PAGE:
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Post-brachytherapy initial tumour regression rate correlates with metastatic spread in posterior uveal melanoma
  1. I Kaiserman,
  2. I Anteby,
  3. I Chowers,
  4. E Z Blumenthal,
  5. I Kliers,
  6. J Pe’er
  1. Department of Ophthalmology, Hadassah University Hospital, Jerusalem, Israel
  1. Correspondence to: Dr I Kaiserman Department of Ophthalmology, Hadassah University Hospital, POB 12000, IL-91120 Jerusalem, Israel;


Aim: To confirm the prognostic value of post-brachytherapy initial tumour regression rate in posterior uveal melanoma.

Methods: A prospective, comparative, observational cohort study was carried out on 147 eyes (147 patients) with choroidal melanoma (mean age 61 years) treated with Ru-106 brachytherapy. Observation procedure: Patients were followed clinically and ultrasonically every 6.7 (SD 0.3) months (1001 examinations). On average each patient was examined 5.8 times (mean follow up 9.6 (3.7) years). The echographic parameters included tumour base size, height, internal reflectivity, regularity, vascularity, and extrascleral extension. The clinical follow up included ocular examination and periodic metastatic screening (liver function tests and liver imaging). Main outcome measures were risk of liver metastasis in correlation with the post-brachytherapy initial tumour regression rate.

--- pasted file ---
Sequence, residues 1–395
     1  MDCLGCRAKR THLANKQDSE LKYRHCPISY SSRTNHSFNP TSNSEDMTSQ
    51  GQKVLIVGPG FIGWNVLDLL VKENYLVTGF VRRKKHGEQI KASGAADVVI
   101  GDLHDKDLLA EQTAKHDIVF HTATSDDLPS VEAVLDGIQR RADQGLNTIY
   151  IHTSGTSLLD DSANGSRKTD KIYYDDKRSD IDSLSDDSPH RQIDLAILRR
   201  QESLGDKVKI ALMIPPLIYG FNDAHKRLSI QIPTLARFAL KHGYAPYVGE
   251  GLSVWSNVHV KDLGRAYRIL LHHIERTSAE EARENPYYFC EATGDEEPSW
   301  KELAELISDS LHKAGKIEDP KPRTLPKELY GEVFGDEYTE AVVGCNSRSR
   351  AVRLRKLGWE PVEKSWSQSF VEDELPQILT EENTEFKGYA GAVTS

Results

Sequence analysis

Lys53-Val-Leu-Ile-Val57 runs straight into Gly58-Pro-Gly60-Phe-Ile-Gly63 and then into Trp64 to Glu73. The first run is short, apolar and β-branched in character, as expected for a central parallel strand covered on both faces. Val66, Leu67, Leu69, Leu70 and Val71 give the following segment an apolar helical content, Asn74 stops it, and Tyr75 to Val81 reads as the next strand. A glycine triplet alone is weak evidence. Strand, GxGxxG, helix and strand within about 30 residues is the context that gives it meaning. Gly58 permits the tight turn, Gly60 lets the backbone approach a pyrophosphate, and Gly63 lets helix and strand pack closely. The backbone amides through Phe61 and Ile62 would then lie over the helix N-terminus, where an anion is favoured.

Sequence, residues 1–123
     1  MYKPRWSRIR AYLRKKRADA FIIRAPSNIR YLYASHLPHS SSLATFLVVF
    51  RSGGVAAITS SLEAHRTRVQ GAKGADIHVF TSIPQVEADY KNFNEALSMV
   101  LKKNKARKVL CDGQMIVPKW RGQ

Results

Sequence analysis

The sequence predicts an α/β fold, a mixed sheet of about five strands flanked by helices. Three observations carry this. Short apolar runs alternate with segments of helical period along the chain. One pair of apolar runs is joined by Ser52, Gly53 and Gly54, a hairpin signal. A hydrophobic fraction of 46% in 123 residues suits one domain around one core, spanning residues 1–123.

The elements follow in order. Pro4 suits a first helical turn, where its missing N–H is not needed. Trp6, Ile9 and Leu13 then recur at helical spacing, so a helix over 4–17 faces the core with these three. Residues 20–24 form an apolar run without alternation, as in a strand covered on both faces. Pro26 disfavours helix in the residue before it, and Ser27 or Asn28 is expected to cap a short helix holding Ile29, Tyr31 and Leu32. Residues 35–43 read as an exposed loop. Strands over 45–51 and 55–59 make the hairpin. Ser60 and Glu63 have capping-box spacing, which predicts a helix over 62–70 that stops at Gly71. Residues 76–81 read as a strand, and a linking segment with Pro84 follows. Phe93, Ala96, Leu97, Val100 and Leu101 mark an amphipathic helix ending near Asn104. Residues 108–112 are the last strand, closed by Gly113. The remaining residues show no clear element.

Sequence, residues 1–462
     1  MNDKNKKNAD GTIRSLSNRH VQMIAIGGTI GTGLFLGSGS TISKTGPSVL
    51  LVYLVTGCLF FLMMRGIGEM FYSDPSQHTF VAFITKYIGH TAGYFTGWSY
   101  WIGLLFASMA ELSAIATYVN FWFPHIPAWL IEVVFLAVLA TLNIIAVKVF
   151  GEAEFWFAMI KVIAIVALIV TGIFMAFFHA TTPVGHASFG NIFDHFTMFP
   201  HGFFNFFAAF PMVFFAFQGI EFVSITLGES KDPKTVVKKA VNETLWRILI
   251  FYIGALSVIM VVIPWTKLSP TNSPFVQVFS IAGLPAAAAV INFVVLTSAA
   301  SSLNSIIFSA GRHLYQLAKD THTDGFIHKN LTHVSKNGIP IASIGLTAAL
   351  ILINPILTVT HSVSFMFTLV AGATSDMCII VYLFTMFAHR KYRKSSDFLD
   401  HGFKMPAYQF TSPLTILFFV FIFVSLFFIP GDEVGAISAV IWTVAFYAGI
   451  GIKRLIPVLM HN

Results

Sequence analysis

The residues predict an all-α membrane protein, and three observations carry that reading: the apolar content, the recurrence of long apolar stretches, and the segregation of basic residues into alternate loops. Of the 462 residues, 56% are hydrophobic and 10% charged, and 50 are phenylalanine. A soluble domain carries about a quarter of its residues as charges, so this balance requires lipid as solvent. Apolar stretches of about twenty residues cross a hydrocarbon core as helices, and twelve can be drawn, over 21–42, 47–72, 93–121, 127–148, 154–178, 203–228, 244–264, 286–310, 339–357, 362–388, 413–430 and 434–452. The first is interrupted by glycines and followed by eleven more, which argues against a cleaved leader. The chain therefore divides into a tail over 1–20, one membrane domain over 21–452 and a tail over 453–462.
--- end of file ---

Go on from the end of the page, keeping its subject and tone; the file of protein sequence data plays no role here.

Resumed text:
Results: At brachytherapy the mean tumour height was 5.2 mm (range 2.2–11.8 mm). After brachytherapy 142 tumours (96.6%) responded by a decrease in height. The initial height regression rate was 6.1% (0.8%) per month in patients who later developed metastasis v 4.3% (0.4%) per month in those who did not. Tumours higher than 6 mm, tumours with an internal reflectivity smaller than 50%, and tumours with an initial rate of height regression larger than 0.7 mm/month (10% per month) had higher 5 year melanoma related mortality. Kaplan-Meier survival analysis and the multivariate Cox proportional hazards model showed a significant role for tumour height and initial tumour regression rate on patients’ survival.

Conclusion: This study confirms that post-brachytherapy initial tumour regression rate has a prognostic value.

  • metastatic uveal melanoma
  • brachytherapy
  • tumour dynamics
  • ophthalmic echography
  • internal reflectivity

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